System76 'Bonobo' Ubuntu Laptop Review
I don’t normally write product reviews on my blog (although I do frequently write amazon reviews), so this is a bit out of place. However, I feel the need to write about the System76 laptop I recently purchased.
NOTE: I’m not making any money off this. I’m not in any way affiliated with System76. I don’t have any affiliate links, or any of that jazz.
As a programmer (and more importantly, nerd) I spend a majority of my days (and nights) online. As a Linux guy, finding a decent laptop that has full hardware compatibility can be a huge pain. Over the past year I’ve been using a laptop as my primary machine, which has compounded this issue and made it a nightmare for me to find new laptops when an old one dies. In case you’re wondering, I’ve gone through 4 laptops this past year, and each time spent no less than 4 days finding a suitable replacement.
The problem with finding a decent Linux laptop is that even if you google the exact model you plan on purchasing before hand, there is no guarantee it will work. At least in my experience, Google’ing laptop models before purchase is a lot like playing Russian roulette–you may get lucky, but it’s a risk.
The last time I purchased a laptop earlier this year I spent quite a while online researching the best options, eventually settling with a high end HP that was within my price range. Fast forward two weeks to delivery day–I’m installing Ubuntu on the laptop, and to my dismay, there are no video card drivers available. Damn.
After having several awful Linux laptop experiences, I asked some friends to recommend a decent hardware vendor with full Linux support. That’s when I first heard of System76. They’re a hardware vendor that builds and ships Ubuntu ready laptops, desktops, and servers.
A few weeks back, when my current laptop started dying, I decided to give System76 a try and I ordered their Bonobo model (their largest laptop). I got the base model with a couple small modifications:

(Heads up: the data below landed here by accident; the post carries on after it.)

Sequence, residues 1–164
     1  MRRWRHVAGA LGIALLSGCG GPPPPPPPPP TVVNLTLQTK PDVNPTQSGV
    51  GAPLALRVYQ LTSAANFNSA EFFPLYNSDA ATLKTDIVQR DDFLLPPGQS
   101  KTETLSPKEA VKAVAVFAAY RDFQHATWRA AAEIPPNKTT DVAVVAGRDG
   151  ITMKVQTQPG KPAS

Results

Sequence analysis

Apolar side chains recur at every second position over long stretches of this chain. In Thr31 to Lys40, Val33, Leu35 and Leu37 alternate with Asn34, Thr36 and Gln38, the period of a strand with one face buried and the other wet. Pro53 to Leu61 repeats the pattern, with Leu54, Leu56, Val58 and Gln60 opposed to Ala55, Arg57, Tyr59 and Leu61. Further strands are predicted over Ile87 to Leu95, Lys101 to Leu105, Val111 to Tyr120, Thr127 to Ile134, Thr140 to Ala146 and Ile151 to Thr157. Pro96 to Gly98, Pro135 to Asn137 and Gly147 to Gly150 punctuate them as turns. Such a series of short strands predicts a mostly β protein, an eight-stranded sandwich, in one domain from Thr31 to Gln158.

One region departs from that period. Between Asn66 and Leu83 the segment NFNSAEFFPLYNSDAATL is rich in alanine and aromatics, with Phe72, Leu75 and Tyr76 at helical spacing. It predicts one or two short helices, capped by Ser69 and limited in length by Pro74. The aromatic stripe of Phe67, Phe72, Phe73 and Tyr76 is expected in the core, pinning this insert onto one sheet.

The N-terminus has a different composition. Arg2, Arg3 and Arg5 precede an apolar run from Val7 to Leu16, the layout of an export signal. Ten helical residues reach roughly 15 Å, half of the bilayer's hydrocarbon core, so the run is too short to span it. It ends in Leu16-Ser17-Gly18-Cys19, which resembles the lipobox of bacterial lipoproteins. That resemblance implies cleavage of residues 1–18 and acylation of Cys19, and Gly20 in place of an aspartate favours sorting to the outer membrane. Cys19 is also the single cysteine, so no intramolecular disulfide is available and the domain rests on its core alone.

- A 120G SSD drive (I like speed).
- 8G of RAM.
I decided to go with their largest model (it’s a 17.3”) because I love looking at lots of code on a single screen. I don’t use any external monitors, so having a large screen is important for my day-to-day work flow.
With the background out of the way, here’s my review of the actual laptop.
System76 did a great job on first impressions. You know how most laptops typically come in awful boxes, filled with tons of spam? System76 doesn’t do that at all. The shipping box was simple, easy to open, and not cluttered.
Inside their shipping box there was simply the laptop, the carrying case, and a card with links to the System76 website for help. Elegant.
My first thoughts upon seeing the actual laptop (once I pulled it out and set it on my table) was: woa. The laptop is really big and sturdy looking. It’s got a metallic casing around it (not plastic), and looks expensive. The lid of the laptop has the System76 logo etched into it, which looks brilliant.
The screen on this thing is amazing. It’s huge, clear, and surprisingly crisp. Maybe I’ve just been using shitty laptops ‘till now, but this thing makes my old Sony Vaio look like a child’s toy.
The keyboard is sturdy with thick, responsive keys. This is a big win for me, as I type fast, and having highly responsive keys just feels right.